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Upon Reading “An Open Letter”

July 28, 2009

Texts have a curious way of affecting their readers differently at different points of their lives.  (I’m tempted to take this off toward a discussion of Stanley Fish’s notion of interpretative communities, but I’ll resist–though I’ll link to the wiki that is decently comprehensive on the matter)

Never have I thought about my shifting tastes as a reader, but upon reflection my preferences and emotional availabilities have most certainly changed through the years.  During my younger years I was pulled toward stories of action and adventure because, I can only imagine, as a child your future is wholly an adventure. Nothing is set and your personal story can take an infinite number of different shapes.  Moving through middle and high school, I was most affected by narratives that worked through shifting familial roles, especially between father son.  It’s not as if my relationship with my dad was strained (in fact, it was [and is] quite the opposite), but as I grew toward manhood our relationship shifted closer and closer to a friendship, more than that of authority figure and subordinate, and any story that allowed me to better identify those emotions was particularly stirring.  Now that I am married and more-or-less an adult, I am more often struck by stories of marriage, family, and career.  I think it’s only natural that the stories that I can best identify with in the moment stand out most to me.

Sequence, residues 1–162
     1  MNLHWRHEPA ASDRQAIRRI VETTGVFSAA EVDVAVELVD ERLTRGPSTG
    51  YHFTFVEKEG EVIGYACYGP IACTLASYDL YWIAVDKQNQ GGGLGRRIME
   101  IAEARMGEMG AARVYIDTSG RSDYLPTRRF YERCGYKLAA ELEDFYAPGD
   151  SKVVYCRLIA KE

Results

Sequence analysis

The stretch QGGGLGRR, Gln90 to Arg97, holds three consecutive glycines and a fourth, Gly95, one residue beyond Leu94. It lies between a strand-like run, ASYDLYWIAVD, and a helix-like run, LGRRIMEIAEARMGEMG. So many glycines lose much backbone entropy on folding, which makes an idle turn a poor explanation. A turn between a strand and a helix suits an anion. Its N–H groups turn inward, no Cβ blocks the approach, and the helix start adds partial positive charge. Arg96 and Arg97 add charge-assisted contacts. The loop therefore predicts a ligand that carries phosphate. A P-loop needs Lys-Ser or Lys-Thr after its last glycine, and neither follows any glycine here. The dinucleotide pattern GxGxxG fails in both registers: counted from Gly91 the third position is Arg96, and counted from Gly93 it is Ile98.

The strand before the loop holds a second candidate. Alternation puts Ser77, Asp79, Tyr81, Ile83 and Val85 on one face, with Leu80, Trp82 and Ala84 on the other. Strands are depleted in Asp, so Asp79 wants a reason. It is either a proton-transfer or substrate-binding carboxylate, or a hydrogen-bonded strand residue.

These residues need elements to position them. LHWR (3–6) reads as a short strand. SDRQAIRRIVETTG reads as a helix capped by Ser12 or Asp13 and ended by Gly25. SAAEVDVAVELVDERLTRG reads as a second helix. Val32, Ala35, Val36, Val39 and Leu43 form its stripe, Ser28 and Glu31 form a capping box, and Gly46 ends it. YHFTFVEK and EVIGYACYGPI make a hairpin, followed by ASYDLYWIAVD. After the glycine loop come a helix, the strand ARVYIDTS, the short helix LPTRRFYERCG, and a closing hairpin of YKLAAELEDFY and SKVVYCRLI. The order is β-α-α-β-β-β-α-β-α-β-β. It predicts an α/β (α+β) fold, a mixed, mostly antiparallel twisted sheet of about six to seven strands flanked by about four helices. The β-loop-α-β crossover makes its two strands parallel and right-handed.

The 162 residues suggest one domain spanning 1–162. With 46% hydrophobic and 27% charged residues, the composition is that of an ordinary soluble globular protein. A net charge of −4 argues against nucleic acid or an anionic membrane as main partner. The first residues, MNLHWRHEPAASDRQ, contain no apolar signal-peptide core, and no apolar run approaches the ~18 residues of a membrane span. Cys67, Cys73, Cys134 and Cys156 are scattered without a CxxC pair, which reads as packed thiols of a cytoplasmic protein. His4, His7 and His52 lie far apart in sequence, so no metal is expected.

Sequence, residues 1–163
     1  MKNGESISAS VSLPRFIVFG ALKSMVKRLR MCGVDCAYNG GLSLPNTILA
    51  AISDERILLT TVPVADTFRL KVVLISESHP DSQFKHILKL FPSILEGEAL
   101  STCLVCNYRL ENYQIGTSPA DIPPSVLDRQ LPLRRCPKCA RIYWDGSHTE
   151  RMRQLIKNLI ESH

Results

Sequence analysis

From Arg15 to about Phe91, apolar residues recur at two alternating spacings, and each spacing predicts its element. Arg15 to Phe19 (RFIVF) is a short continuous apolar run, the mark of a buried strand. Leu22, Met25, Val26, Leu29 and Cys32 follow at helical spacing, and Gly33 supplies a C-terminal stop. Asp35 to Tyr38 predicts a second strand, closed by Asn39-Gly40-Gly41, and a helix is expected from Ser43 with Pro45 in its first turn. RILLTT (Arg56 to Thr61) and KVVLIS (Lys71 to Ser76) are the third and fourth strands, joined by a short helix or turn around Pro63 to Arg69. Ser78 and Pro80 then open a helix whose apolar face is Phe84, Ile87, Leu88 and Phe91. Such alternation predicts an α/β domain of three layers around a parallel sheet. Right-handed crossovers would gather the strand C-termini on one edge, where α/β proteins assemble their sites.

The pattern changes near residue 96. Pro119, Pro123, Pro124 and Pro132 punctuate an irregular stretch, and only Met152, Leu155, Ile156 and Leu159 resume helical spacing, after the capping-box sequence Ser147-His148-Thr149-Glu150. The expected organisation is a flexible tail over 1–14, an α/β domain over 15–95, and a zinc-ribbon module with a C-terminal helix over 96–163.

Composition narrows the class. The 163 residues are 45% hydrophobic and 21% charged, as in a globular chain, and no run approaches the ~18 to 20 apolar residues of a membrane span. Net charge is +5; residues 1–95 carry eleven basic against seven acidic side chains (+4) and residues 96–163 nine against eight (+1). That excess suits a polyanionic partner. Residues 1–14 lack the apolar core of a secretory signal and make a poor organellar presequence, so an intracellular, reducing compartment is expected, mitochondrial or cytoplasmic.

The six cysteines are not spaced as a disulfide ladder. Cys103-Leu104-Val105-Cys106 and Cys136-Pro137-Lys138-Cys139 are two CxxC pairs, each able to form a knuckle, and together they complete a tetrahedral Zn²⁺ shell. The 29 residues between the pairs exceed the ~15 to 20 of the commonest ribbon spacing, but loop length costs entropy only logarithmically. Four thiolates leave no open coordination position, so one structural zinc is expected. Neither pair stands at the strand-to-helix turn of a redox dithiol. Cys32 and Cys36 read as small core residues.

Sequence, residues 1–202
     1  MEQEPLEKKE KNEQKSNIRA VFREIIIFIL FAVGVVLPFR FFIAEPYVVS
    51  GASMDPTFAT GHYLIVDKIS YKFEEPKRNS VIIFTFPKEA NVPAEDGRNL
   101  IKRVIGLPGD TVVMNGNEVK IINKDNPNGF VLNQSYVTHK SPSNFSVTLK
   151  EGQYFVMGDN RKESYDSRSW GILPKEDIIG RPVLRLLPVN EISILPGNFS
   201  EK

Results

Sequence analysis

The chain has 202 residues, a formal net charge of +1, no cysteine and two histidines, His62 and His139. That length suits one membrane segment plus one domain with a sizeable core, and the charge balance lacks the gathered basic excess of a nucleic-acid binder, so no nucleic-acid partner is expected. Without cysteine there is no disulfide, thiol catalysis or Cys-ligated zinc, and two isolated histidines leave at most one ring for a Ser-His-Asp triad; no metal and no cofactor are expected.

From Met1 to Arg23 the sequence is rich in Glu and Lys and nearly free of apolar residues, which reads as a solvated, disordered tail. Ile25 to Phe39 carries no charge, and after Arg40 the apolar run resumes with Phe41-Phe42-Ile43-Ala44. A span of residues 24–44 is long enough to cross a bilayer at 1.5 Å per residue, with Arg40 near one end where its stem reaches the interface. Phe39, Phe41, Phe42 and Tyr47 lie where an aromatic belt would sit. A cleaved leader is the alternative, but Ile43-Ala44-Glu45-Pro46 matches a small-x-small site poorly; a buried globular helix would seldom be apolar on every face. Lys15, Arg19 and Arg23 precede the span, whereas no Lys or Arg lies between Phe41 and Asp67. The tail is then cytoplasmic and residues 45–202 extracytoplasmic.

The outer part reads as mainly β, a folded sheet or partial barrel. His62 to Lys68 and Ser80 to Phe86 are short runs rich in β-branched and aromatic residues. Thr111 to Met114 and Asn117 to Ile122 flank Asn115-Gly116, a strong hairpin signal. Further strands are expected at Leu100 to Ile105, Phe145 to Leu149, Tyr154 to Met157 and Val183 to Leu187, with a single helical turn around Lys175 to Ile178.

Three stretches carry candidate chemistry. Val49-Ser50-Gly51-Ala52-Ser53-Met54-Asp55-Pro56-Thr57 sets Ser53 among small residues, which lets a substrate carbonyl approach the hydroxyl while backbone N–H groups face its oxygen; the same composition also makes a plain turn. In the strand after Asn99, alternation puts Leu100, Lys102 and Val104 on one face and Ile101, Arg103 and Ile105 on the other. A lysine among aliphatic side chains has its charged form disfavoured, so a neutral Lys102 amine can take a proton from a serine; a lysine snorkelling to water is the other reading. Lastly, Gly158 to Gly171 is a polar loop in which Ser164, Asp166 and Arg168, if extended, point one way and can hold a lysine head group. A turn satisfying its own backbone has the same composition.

This afternoon, I had the pleasure of reading “An Open Letter” written by Kathy Rhodes to her husband, shortly after his unexpected passing.  There is an openness to her prose that simply gutted me at my desk;  since I am in public I had to maintain a sense of propriety but it took all the force of my will to keep tears at bay.  Her honesty, love, and still-nagging guilt read clearly throughout the letter and her personal bravery is certainly apparent.

Though the letter was originally found on her blog, it can also be found in The Best Creative Nonfiction, Vol. 3 published by The Creative Nonfiction Foundation.

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